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I’ve seen so many adorable rag quilts floating around blogland recently that I knew I’d be making one when I tackled Susannah’s {very purple} room makeover.
I didn’t use any pattern or formal instructions so it may not have been the most direct way of getting it done, but I’m happy with how it turned out, and most importantly, Susannah loves her new quilt!

I (stupidly) guessed on the size and it barely fits her twin bed.
Why on earth didn’t I just look up the size of a twin comforter?
Who knows, but next time I’ll know to google that before I start.

Rag quilts aren’t super hard, but they are quite time-consuming. By far the worst part is clipping the seams at the end. I was determined to stay up and finish the night I had it all pieced together and I was up past 2am clipping. Yikes!

My next project is to make her some cute, coordinating pillows!

I don’t have a full photo tutorial for the quilt, but here’s a quick rundown of the details.

 

  • Figure out size of quilt (google!), and pick coordinating fabrics (I used 8 different varieties of flannel, minky, corduroy, and cotton, but flannel works the best because the edges fray).

 

  • Cut 7″ square blocks of fabric for front, and the same amount of 7″ blocks for back (I used flannel).

 

  • Cut 6″ squares of batting.

 

  • Sandwich batting between front and back fabrics and sew an X down the center of each block, stopping 1/2″ from all edges.

 

  • Arrange blocks in pattern of choice and begin sewing rows together, one at a time. Make sure you sew the blocks together with back of the fabric together, making the seam on the front of the fabric.

 

  • After all the rows are finished, sew each row together, making sure to keep to your pattern. (I found the entire process easiest by laying it out on the floor and taking it one block/row at a time, leaving the rest in my pattern on the floor.

 

  • After all the rows are sewn together, sew 1/2″ seam around the entire edge of the quilt.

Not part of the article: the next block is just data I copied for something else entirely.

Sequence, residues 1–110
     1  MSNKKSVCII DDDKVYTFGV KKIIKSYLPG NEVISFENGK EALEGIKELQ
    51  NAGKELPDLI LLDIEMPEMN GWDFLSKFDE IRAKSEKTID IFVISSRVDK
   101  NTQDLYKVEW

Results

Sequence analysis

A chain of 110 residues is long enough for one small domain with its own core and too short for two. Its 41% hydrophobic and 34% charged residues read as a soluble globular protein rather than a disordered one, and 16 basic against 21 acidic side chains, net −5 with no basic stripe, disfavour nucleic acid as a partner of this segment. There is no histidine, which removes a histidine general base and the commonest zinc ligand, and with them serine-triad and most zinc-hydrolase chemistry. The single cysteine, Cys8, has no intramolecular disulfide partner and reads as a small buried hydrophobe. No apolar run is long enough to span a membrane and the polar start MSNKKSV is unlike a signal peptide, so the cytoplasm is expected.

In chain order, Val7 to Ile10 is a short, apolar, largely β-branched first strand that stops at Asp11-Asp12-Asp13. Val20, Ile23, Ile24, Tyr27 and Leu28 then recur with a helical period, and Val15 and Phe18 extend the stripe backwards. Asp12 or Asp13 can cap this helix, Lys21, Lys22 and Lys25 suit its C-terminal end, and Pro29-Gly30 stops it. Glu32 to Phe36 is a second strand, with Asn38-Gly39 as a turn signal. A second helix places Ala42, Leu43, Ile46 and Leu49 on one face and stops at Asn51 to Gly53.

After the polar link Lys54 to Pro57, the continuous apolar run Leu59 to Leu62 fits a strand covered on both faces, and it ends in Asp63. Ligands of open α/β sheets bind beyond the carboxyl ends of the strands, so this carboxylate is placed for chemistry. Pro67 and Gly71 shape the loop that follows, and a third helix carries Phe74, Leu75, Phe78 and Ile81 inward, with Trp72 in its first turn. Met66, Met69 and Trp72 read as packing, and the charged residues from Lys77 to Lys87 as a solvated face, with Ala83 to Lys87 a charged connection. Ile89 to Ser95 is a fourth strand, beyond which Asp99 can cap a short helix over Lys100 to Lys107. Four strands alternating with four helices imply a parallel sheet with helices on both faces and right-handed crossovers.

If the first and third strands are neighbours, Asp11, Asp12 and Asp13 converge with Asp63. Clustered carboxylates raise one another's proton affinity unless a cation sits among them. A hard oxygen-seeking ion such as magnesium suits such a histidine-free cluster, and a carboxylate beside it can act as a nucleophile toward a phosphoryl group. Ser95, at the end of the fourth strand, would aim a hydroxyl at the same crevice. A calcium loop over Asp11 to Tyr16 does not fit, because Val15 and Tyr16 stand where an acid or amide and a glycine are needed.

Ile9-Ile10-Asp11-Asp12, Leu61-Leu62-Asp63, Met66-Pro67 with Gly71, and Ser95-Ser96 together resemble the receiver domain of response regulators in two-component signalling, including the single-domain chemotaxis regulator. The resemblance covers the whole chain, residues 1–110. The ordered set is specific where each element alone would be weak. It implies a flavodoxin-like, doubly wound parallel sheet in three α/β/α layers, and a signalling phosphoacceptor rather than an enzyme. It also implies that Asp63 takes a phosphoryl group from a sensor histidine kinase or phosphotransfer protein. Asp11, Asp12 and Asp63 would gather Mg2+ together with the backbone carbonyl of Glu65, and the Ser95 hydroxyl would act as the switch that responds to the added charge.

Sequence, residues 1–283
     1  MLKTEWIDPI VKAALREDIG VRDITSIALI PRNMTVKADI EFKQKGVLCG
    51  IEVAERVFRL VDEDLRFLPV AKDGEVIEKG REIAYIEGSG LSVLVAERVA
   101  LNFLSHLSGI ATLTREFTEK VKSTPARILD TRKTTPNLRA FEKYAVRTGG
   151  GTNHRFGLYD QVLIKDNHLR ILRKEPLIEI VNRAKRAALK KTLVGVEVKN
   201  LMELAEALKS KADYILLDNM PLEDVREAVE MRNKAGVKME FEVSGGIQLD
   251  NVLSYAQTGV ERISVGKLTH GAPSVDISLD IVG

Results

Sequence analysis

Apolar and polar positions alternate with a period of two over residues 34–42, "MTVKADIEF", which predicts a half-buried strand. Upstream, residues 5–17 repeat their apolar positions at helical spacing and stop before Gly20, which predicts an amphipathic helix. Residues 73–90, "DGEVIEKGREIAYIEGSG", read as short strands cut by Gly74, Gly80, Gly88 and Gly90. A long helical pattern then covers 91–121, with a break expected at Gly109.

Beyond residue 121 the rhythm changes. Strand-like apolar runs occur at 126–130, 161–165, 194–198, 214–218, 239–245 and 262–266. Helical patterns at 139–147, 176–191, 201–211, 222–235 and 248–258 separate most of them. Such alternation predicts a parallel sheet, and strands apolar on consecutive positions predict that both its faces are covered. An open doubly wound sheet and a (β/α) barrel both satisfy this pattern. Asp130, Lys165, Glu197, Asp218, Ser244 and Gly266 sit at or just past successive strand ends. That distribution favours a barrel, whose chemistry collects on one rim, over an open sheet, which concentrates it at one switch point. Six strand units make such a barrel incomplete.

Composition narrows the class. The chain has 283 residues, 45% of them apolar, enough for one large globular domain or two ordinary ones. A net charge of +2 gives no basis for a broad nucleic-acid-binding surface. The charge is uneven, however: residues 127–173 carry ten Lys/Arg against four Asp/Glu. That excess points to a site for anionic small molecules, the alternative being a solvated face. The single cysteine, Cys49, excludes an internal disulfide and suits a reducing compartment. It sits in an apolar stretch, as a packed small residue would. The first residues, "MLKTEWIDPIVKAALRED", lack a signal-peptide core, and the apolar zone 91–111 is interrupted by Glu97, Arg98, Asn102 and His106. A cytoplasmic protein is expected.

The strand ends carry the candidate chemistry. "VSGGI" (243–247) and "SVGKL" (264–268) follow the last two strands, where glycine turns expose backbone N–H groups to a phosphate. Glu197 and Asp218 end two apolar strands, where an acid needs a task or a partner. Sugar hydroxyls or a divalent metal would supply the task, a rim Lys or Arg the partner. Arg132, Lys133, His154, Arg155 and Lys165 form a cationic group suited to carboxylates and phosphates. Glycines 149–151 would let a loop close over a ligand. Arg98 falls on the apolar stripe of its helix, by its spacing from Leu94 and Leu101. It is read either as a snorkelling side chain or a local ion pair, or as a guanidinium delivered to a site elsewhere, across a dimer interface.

• Clip all seams 1/2″ apart, being careful not to cut too close to your thread. Prepare to do this for several hours and for your hand to be screaming in pain by the end. :)
  • Wash and dry to really fluff up the frayed seams.

And totally off-topic, but isn’t her sparkly purple canopy cute?
Now she really feels like a princess!
(I’ll post more details of her room makeover soon!)

Parties I link to: Craft-O-Maniac, Lines Across My Face, Sew Can Do, Sew Chatty, C.R.A.F.T., Making the World Cuter, Skip to My Lou, The Southern InstituteChef In Training, Confessions of a Stay at Home Mom, A Bowl Full of Lemons, Sweet Little Gals, Vintage Wanna Bee, Sugar Bee Crafts, Funky Polkadot Giraffe, The Kurtz Corner, Todays Creative Blog, Tip Junkie, Mandy’s Recipe Box,Rook No. 17, the Sasse Life, My Girlish Whims, Handy Man, Crafty Woman, Sew Much Ado, Polka Dots on Parade, Ginger Snap Crafts, Southern Lovely, House of HepworthsThe Crafty Blog StalkerSomewhat Simple, Something Swanky, A Glimpse Inside, Crafty Scrappy Happy, Delicate Construction, Simply Sweet Home, Tidy Mom, Fingerprints on the Fridge, Kojo Designs, Thirty Handmade Days, Sassy Sites, Tatertots and Jello, Bacon Time, Flamingo Toes, Six Sisters Stuff, Sweet as Sugar Cookies, Naptime Creations, Crazy for Crust, Lolly Jane Boutique,